This unusual vessel, the Earl Gray, was built at 1909 in the British shipyards Vikkers for Canadians to work at the mouth of the St. Lawrence River and the Bay of the same name. Outwardly, with a graceful bow, topped with a bowsprit, a slightly inclined high chimney and an elongated superstructure, it looked more like a large steam yacht. By the way, it had the apartments of the Governor-General of Canada, cabins for 55 passengers of the 1 class and 20 for 2 passengers. The vessel was supposed to be used for the transport of mail and people, the protection of fisheries, etc.
The ship belonged to the category of icebreakers, but was very different from them. If for those the ratio of hull length to width is 3,5 - 4,5 - short and wide, they maneuver much better than the ships they watch over in maneuvers, then at Earl Gray it reached 5,5. The bow of the icebreakers above the waterline is usually straight, and below it is beveled at a large angle. This shape of the hull allows them not only to ram the ice with frontal impacts, but also to crawl onto it in order to crush their own weight. At Earl Gray, the nasal tip with a 31 mm thick skin was pointed, the sides were straight, so the ship cut ice, pushing the wreckage to the sides. To combat strong, perennial polar ice, the ice cutter was not intended and not suitable, and it remained the only example of its class in the world icebreaking navy.
At the start of the 1 World War II, Russia bought several icebreaking vessels abroad, including the Earl Gray. It was renamed “Canada” and transferred to the disposal of the Maritime Transport Authority of the White Sea-Murmansk region. As early as November 1914, the ice-cutter began to route Russian and allied transports with military cargoes through the freezing White Sea to Arkhangelsk. 9 January 1917 “Canada” was unlucky, she came across an underwater rock not marked on the map and sank in the Yokangi roadstead. 16 June it was lifted and sent for repair, and October 26 was armed and enrolled in the Arctic Ocean flotilla.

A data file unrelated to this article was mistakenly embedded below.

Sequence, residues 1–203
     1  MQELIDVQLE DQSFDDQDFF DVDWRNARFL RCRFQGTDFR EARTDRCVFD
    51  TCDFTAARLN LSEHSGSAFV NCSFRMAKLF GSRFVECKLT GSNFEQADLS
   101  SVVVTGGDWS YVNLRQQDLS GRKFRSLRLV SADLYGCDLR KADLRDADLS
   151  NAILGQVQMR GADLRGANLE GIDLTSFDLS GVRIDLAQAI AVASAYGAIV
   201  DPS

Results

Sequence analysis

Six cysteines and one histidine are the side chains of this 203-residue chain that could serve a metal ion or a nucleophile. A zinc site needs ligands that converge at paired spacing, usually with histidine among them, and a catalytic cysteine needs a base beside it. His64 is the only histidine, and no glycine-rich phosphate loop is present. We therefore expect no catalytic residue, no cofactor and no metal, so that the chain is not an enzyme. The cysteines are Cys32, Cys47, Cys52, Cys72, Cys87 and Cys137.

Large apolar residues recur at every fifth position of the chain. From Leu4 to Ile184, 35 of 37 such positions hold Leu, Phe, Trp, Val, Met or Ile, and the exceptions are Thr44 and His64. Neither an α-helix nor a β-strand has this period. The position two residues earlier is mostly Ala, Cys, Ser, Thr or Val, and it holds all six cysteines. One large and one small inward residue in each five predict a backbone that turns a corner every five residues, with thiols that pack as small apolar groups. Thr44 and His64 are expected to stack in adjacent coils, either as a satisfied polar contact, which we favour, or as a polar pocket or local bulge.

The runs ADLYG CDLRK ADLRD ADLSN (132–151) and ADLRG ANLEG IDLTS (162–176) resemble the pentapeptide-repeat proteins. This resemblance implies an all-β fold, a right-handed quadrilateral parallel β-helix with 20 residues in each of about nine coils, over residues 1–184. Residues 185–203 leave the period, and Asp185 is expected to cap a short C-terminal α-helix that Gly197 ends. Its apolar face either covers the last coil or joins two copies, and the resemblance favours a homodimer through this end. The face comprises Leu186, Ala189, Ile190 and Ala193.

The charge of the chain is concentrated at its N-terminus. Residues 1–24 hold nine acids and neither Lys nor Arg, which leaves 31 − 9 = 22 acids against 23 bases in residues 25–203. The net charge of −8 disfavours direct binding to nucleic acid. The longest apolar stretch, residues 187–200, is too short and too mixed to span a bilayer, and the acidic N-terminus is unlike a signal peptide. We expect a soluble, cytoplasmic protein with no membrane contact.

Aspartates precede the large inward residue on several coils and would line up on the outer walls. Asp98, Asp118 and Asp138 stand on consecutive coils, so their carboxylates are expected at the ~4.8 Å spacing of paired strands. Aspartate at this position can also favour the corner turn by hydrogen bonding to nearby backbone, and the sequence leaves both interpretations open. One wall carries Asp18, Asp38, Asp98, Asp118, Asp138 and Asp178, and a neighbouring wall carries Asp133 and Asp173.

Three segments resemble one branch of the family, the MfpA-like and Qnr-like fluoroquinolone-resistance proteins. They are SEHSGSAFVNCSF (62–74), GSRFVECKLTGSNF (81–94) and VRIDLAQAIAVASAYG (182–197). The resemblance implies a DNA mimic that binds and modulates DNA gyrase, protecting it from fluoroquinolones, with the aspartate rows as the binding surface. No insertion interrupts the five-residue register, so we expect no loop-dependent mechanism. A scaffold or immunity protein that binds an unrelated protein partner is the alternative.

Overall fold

In January, 1918. Canada was demobilized. In the civil war, it was captured by the English invaders and transferred to the White Guards. In March 1920, they and others hastily left the Russian North, taking a number of Russian ships. But not “Canada” - staffed with red warmers, she tried to prevent this and entered into a firefight with the departing “Kozma Minin”. Thus, the first and so far the only artillery battle of icebreakers outside the Arctic Circle took place.
In April, 1920 “Canada” became the auxiliary cruiser of the Red White Sea flotilla, and a month later it received the third name “III International”. Ledorez had a chance to take part in the rescue of the white ship “Solovei Budimirovich” (later “Malygin”), which was covered with ice in the Kara Sea, - its passengers and crew were on the verge of death from cold and hunger
It was only in June 1921 that the “III International” was returned to Mortrans, and there again it was renamed on July 12, this time in honor of the famous navigator and geographer, President of the Petersburg Academy of Sciences, Admiral F. P. Litke (1797 — 1882). Designed to overcome the weak or broken ice, the ship conscientiously worked in the Arctic, conducting caravans, serving crafts and stations, then in the Baltic and Black Sea, in 1929 it returned to the Arctic, made a risky voyage to Wrangel Island and was awarded the Order of Labor Red Banner. In winter, 1931 confirmed its reputation - despite the extremely difficult conditions, it led a caravan to the Sea of Okhotsk. Thanks largely to his captain N. M. Nikolayev, who before the revolution finished the Marine Corps and served in the North with 1917, in particular, on the icebreaker Stepan Makarov, gaining considerable experience.
In 1932 - 1933 "Litke" has become a forwarding ship, it settled scientists who worked on the program 2-th International Year of the Arctic.
It was possible icebreaker to participate in the "Chelyuskin" epic. Damage to the hull and mechanisms did not allow him to pass in the ice of the Chukchi Sea to bring the wiped steamer into the clear water, which, unlike Sibiryakov, was not destined to go along the Northern Sea Route from west to east in one navigation.